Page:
August 5, 2020
New World Center provides high-tech backdrop for ‘Retirement Guide’ multi-camera shoot
I have been in television and film for more than 20 years and have worked on hundreds of hours of scripted and documentary programs. Currently, I’m the Line Producer with the National Productions division of Twin Cities PBS in Saint Paul, MN. Our small team produces TV series and specials that air across the PBS system. We’ve also partnered with National Geographic Channel, the Smithsonian Channel, and multiple productions companies to create programming.
Suze Orman’s Ultimate Retirement Guide is the latest in a series of exceptionally successful Suze Orman membership specials for PBS, all produced by Twin Cities PBS. The new show will air nationally through March. As head of production for the special, I worked with Executive Producer Gerry Richman, who has collaborated with Orman on her PBS specials for over 20 years, to find a great location to record the program.
Suze was going to be in South Florida at the time of the taping, so I wanted to see if we could limit her travel by securing a local venue. I had started my career in the Miami area as a location scout for films, so I was pretty familiar with the area. I looked at large theater venues from Palm Beach to Miami, and in doing so discovered something I hadn’t come across many years ago: the fabulous New World Center. Built in 2011, the NWC is a world-class concert hall in Miami Beach designed in collaboration between the Center’s co-founder Michael Tilson Thomas and the renowned architect Frank Gehry. Gerry and I visited the theater on a scout, and we knew right away it would be a great location for Suze’s new special.
Preeminent Broadway production designer Michael Hotopp joined our team to create set elements that complemented the gorgeous motif of the New World Center interior.
Devon Allen of David Agress and Associates designed the lighting in a way that made both the staging and the audience really pop – an important element necessary for capturing audience members in the program’s Q&A format.
The week before we took possession of the theater, NWC was finishing up the final touches on a complete overhaul of their video system – converting from HD to 4K, incorporating Hitachi SK-UHD4000 studio cameras, PTZ controls, a new switcher and a massive 2PB server. Suze Orman’s Ultimate Retirement Guide was the facility’s first television program captured using the new 4K system.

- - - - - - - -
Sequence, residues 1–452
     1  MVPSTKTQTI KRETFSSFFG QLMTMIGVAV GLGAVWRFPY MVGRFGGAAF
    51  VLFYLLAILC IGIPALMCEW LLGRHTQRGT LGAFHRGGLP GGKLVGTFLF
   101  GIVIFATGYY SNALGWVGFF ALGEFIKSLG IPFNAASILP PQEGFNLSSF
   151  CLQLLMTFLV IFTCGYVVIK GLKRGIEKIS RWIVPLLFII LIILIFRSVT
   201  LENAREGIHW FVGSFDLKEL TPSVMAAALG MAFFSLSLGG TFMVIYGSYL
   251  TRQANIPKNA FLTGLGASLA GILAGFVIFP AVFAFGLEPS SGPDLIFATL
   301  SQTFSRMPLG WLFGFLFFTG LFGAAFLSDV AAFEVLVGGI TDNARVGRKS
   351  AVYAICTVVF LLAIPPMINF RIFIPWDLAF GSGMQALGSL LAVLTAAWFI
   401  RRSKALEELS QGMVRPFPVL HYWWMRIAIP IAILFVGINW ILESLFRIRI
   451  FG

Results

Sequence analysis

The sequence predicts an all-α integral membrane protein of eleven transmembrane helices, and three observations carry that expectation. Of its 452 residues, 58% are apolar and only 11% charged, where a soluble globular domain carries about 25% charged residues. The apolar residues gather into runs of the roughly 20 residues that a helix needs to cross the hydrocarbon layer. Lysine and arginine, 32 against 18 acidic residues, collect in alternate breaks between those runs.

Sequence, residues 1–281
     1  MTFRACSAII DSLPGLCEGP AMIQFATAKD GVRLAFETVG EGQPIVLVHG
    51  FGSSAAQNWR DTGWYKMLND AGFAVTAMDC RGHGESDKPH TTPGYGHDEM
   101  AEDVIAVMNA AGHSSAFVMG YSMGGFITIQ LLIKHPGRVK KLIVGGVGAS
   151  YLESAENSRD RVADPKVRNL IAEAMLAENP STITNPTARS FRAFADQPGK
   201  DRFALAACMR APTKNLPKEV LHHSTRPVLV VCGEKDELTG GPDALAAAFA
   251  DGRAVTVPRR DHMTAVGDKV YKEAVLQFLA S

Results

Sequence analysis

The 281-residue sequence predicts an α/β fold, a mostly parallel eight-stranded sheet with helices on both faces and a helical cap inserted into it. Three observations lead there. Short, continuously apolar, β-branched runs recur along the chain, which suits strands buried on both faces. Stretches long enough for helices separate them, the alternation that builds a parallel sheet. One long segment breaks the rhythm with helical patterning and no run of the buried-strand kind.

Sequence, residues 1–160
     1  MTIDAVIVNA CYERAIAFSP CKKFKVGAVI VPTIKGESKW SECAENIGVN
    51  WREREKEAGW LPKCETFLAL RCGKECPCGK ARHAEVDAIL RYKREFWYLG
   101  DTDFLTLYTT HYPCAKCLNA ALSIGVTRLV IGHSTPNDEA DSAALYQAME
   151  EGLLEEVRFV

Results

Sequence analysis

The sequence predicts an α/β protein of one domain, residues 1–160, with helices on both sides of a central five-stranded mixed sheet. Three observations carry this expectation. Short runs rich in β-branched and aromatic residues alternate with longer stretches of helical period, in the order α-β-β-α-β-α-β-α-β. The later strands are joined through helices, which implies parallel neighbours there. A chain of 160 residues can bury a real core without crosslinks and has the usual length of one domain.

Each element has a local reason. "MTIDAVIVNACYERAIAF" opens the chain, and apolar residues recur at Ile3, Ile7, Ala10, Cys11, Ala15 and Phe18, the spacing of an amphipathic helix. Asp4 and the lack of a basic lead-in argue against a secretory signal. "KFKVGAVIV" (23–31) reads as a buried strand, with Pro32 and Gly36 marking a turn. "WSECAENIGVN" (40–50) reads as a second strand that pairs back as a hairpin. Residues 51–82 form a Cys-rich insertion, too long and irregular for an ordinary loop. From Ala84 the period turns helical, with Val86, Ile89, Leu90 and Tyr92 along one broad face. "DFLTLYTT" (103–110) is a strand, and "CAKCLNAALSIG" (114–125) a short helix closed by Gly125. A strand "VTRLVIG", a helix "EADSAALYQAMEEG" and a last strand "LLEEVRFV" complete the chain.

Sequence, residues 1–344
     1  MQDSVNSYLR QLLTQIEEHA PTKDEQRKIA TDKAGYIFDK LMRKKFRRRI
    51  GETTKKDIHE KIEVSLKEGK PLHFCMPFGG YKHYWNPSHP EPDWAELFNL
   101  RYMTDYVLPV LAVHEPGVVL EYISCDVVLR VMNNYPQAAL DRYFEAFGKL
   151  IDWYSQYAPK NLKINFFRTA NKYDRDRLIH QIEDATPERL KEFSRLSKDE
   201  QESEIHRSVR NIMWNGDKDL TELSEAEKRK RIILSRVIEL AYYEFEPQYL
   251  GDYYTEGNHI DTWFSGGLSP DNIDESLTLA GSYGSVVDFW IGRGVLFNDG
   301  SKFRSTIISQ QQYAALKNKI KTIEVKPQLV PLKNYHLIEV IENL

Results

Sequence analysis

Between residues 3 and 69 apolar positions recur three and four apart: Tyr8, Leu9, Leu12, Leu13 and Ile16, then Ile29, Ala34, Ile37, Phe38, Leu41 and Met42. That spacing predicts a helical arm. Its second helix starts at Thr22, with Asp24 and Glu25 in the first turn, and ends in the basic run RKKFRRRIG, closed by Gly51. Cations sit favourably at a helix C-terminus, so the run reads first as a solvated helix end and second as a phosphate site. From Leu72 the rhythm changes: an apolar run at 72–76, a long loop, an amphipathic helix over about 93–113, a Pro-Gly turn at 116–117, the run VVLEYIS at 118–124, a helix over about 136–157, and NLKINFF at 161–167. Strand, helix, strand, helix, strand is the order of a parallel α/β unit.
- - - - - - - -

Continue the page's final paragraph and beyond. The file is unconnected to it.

None of us had ever worked with the Hitachi SK-UHD4000, but the camera operators thought that they were easy to learn and the controls and connections easy to navigate. We used 10 Hitachi cameras for the two-hour production – thank goodness for the 2PB server. For broadcast, we were to deliver the program master in HD, but it was obvious that the Hitachi 4K record made the program look much better than had we used native HD capture.
The camera performance in varying light conditions was terrific. Lower light conditions in some portions of the audience could have proved problematic for many cameras – and, of course, we needed a lot of audience shots. The iris on the Hitachi SK-UHD4000 adjusts very quickly, so we could capture quality images even when shooting away from the main stage.
Abdiel Thorne was also instrumental in our ability to achieve a beautiful result. Abdiel is well known in the Miami production community because of his outstanding technical ability as a shader. He handled the color matching in the internal settings beforehand, but was also in the control room shading the feeds as we were recording the line cut. It would’ve made for a very nice live broadcast. His work reduced our need to do a whole lot of color gymnastics in post.
Ezra Gold, who edited Suze Orman’s Ultimate Retirement Guide, praised the quality of the video from the Hitachi cameras. “Not only did the video provide the detail and smooth, natural motion we wanted for the special,” he said, “but the larger frame 4K capture allowed me to reframe images during the edit for the HD deliverable without degrading the overall quality of the shots.” Gold also said the footage accurately represented the lighting and set colors, which were very important to the look of the show.
In addition to the multiple mounted Hitachi’s permanently installed in the theater, the technical consultant, David Stern, decided to place some additional rented cameras upstage and add a couple in the front of house. So not only was the entire video system new to the theater, we were now asking them to expand the system to integrate even more tech. It was a challenge Dan Slentz, the theater’s chief technologist, was happy to take on. I think he learned a lot about the capabilities of the new install, and he pulled it off.
As for the front of house additions, we needed Hitachi camera bodies so we could integrate them into the system to ensure they worked seamlessly with the other cameras already in place. I worked with Danny Stephens, a Hitachi sales rep in Pensacola, who procured the additional cameras we needed.
We rented a couple of PTZ HD units – the only non-Hitachi’s we used in the recording of this program, for the upstage POV cameras and recorded them locally to AJA Ki Pro recorders. This vantage point allowed us to establish a relationship shot between Suze on stage and the audience members during the Q&A. The main cameras – the ten SK-UHD4000’s -- were routed and run through the switcher. In total, we had 5 camera operators and two PTZ operators controlling all 12 cameras.
The footage was then transferred to four G-Drives for shipping back to Minnesota for post-finishing.
The result of all of our efforts is a high-quality program that set a new benchmark in video quality for Suze Orman’s PBS specials.